The problem is not so much the attributes described – it is a good thing for a lawyer to be pleasant and sensible whatever their gender – but the affirmation of broader underlying stereotypes about men and women in the workplace. Just as for footballers, these commentaries shape the perception we have of individual lawyers and can deepen existing biases. Authors of an extensive literature review on language bias have found that ‘language subtly reproduces the societal asymmetries of status and power… which are attached to the corresponding social roles’ such that women tend to be ascribed ‘communal/warmth traits’ and men ‘agentic/competence traits’ (‘Gender Bias and Sexism in Language’, Michela Menegatti and Monica Rubini, Oxford Research Encyclopaedia: Communication, September 2017).
The problem was well summarised by Lady Arden when in the Court of Appeal, in the case of Hobson v London Borough of Hackney  EWCA Civ 1237 at §60:
‘Stereotypical language is one facet of the exhibition of gender bias... A person who uses stereotypical language about a woman may well trivialise her achievements and talents and underestimate her ability. Many women are as effective in their posts as any male equivalent. However, their credibility is a problem if they are undermined by discriminatory behaviour against them. Thus, it is important in my judgment to treat subconscious assumptions in language seriously.’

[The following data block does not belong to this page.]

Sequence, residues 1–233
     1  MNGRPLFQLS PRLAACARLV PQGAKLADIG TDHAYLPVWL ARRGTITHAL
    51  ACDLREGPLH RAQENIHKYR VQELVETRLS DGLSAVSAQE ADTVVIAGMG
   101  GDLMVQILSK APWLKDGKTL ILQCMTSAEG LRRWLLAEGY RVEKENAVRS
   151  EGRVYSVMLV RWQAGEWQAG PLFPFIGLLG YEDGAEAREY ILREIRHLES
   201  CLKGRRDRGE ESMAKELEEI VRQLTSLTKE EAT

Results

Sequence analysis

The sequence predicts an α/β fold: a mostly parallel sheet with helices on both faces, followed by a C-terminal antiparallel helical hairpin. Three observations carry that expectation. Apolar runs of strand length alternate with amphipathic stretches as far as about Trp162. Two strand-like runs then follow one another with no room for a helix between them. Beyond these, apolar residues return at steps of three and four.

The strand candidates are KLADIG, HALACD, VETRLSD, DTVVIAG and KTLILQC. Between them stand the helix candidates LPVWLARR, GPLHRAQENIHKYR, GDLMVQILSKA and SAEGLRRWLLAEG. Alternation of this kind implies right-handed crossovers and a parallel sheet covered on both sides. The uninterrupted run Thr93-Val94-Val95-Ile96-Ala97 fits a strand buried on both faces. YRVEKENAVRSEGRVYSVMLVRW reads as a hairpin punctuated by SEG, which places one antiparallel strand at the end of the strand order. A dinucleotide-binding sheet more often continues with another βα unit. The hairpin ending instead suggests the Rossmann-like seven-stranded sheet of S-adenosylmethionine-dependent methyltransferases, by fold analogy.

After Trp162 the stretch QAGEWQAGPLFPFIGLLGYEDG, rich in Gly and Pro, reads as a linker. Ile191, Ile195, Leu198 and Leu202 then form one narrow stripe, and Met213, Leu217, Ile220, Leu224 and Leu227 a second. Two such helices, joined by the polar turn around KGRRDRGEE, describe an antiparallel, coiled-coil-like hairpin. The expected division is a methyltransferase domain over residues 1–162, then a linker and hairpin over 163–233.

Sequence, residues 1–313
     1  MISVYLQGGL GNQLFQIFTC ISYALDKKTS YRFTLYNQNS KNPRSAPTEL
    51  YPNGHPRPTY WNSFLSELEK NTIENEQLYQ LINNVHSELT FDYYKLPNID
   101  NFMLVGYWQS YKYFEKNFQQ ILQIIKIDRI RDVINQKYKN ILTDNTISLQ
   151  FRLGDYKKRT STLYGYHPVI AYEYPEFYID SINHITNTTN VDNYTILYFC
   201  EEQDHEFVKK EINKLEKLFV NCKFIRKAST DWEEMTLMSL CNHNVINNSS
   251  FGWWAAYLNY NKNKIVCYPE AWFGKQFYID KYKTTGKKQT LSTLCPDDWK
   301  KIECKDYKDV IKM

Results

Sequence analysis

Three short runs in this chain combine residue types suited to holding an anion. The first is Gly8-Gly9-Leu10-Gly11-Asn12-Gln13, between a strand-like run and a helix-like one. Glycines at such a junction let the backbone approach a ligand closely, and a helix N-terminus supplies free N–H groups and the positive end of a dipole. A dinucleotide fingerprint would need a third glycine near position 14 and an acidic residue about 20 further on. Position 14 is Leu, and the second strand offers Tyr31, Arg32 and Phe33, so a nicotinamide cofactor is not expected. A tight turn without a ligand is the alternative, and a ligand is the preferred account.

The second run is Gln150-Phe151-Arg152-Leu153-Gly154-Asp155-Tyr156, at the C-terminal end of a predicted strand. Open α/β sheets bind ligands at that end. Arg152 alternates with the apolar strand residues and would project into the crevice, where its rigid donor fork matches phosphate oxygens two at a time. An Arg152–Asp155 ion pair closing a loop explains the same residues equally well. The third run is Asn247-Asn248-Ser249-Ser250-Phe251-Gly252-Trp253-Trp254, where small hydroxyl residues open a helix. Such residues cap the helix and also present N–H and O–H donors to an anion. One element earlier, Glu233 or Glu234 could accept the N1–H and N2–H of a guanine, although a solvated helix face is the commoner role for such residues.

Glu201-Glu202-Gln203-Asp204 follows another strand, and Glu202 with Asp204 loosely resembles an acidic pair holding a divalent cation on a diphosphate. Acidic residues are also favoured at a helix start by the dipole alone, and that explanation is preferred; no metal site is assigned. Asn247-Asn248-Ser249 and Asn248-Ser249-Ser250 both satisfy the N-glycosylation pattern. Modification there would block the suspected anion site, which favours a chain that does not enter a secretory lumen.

Language bias in the Legal Directories
Gender is not the only characteristic which can affect the way lawyers are described and perceived. Dee Sekar, Diversity & Inclusion Director at Chambers and Partners, whose work encompasses their international library of directories, is alert to the use of racialised language – which can present differently in different regions – as well as stereotypical language linked to the sexuality of LGBTQ+ lawyers. She told me that following company-wide internal training, her organisation is taking a collaborative approach with firms and chambers to raise awareness of these issues. In relation to language bias, researchers are trained to ask follow-up questions where generic descriptors are used. For example, if an interviewee described a female barrister as ‘polite’ or ‘personable’ they would be asked to give more feedback on her technical competencies. Firms and chambers are also asked to provide a more diverse range of client references.